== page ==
Forsyth Medical Center launched the state's first sexual assault nurse examiner program in 1996. It remains the only one providing 24-hour-a-day, 7-day-a-week specialized care and assessment. In a carefully designed, secluded area of the Emergency Department, highly trained nurses gently and sensitively examine victims and collect critical evidence required to convict assailants. Equally important is assisting these victims and those of domestic violence as they prepare to go home or to a safe environment.


Approximately 200 victims of sexual assault or domestic violence were treated at FMC in 2009. Clothing (theirs is kept as evidence), personal toiletries, a meal, a place to stay the night and transportation assistance are among the needs of these women, most of whom arrive during the night. The Women's Council voted to provide $7,500 to create a Fund for Abuse and Assault Victims to cover the costs of replacement clothing and emergency needs for these victims.


The second 2010 beneficiary:

Navigating Frail Senior Women from Hospital to Home


In May 2009, Forsyth Medical Center launched a new program to help address the high risks of post-discharge health complications and high rates of hospital readmissions among frail elderly patients. A patient navigator assesses the patient's condition, needs, support system and living situation and designs a custom plan of home-based services to ensure a successful recovery and transition from hospital to home. In 2009, 70 of the nearly100 frail seniors (65 and older) served were women. This program has reduced their need to return to the hospital by 53 percent.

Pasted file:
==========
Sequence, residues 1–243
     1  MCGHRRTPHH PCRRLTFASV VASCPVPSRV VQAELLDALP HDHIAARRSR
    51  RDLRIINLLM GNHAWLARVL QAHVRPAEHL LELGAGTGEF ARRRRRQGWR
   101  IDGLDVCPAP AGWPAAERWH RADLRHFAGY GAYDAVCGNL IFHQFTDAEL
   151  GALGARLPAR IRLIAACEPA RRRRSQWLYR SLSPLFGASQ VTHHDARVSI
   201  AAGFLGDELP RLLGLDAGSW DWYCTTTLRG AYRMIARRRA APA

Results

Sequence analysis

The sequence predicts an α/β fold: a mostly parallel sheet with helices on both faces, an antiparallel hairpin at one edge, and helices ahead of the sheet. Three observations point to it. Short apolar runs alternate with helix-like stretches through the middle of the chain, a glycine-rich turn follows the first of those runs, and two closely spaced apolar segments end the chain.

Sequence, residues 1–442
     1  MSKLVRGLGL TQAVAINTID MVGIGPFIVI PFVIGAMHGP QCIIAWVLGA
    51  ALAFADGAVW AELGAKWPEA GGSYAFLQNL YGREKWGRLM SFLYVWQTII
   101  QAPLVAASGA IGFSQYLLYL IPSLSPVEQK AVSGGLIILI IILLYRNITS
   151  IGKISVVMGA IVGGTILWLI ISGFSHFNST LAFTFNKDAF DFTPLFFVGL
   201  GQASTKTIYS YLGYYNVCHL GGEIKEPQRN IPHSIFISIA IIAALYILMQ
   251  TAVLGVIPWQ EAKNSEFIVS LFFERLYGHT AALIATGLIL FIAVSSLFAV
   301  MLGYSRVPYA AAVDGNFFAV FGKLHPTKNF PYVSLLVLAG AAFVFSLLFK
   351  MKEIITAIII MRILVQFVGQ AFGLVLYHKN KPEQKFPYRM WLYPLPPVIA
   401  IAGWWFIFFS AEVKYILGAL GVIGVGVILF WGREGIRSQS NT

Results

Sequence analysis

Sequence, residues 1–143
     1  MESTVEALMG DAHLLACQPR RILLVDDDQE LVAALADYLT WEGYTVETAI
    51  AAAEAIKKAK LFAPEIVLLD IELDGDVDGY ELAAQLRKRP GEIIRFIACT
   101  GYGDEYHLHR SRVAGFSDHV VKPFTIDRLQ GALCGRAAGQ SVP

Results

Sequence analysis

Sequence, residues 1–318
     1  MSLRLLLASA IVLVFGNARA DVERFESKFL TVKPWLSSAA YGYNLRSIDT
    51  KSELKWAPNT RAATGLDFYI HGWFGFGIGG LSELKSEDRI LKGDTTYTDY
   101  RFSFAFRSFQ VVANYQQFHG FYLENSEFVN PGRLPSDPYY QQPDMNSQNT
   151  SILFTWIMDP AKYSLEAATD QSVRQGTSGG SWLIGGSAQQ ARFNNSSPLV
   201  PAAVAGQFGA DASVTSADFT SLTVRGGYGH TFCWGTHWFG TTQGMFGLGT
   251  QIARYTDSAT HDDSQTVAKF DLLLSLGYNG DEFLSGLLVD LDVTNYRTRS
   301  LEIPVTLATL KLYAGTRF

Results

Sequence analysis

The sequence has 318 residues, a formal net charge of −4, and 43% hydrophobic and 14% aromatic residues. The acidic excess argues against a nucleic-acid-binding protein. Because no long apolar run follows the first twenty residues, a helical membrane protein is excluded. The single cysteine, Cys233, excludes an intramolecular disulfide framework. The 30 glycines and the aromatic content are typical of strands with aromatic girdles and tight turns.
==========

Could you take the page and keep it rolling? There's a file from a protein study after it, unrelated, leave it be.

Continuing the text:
Recognized statewide as a model initiative, this home-based support program addresses care gaps while these patients are on waiting lists for community services or while arrangements for family and friends' support are put in place. Transition services are available for up to four months and include transportation to medical and pharmacy visits, grocery shopping, light cooking and/or housework. The Women's Council voted to provide a grant of $10,000 to provide these services for at least 50 frail senior women. 



2009 Philanthropy

The 2009 philanthropy beneficiary:

Girls on the Run

In 2009, Women's Council members selected Girls on the Run as the philanthropy beneficiary.  Girls on the Run® focuses on improving self-esteem and health habits to prepare 8-to-11-year old girls for a lifetime of healthy living.  During the 12-week program, girls engage in beginning values clarification, explore ways to improve peer and family relationships, begin to think of themselves as a part of a larger community, and train for and participate in a 5K event. Girls on the Run targets this age because studies in effective education indicate that the pre-adolescent child is more likely to be open to changing existing attitudes and habits than is the adolescent or teenager.

The Sara Lee Center for Women's Health partners with local middle schools to offer Girls on the Run and makes a special effort to reach a culturally and socio-economically diverse group of girls. Funding from the Women's Council provides full and partial scholarships for 100 girls who would not otherwise be able to participate in this program.